Nora Ephron once said of falling in love with email, “It’s like one of those ex-husbands that you think, ‘What was I thinking?’” But email remains a staple of business communication today—and for good reason. With increasingly clever features like AI-informed smart replies and Gmail’s nudges to remind you when you haven’t yet heard back on something important, it’s easier than ever to send out and track a piece of mail electronically. Want more beauty and art in your outbox? Paperless Post has a number of eclectic (and free!) templates for email invitations, notes, and flyers that can be sent and received through email.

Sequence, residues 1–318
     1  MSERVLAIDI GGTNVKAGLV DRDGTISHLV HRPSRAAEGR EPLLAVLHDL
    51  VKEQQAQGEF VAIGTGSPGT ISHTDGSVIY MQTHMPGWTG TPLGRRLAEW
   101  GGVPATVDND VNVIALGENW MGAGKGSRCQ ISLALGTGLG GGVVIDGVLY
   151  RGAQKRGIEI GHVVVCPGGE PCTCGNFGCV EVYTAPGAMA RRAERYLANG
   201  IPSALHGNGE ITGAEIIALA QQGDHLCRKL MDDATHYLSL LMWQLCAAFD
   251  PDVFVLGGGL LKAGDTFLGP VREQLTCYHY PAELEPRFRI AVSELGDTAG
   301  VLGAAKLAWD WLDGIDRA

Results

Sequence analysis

“Find a way to strike the right balance between being breezy and conversational and also being respectful and succinct,” says Pamela Donnelly, an education expert, author and founder of the GATE College System. “Time is the most valuable thing in everyone’s life. We all get a finite amount of it and wasting people’s time with long sentences is probably one of the biggest problems I see out there.” As a former English teacher, she also advises reading and re-reading your emails before sending them, checking for grammar, punctuation, spelling, and syntax.
Pro tip: “Make good use of the real estate at the bottom of your email,” adds Donnelly. What’s the best way to do so? She says it’s a good idea to include a high-quality headshot or photo in addition to all of your contact details in case someone wants to get back in touch. “Sometimes I’ve seen it be really effective when people include a favorite quote. It adds personality it builds a connection. So much of business is transactional and one part of the art of being effective in business is finding that which can be relational even within the transaction.”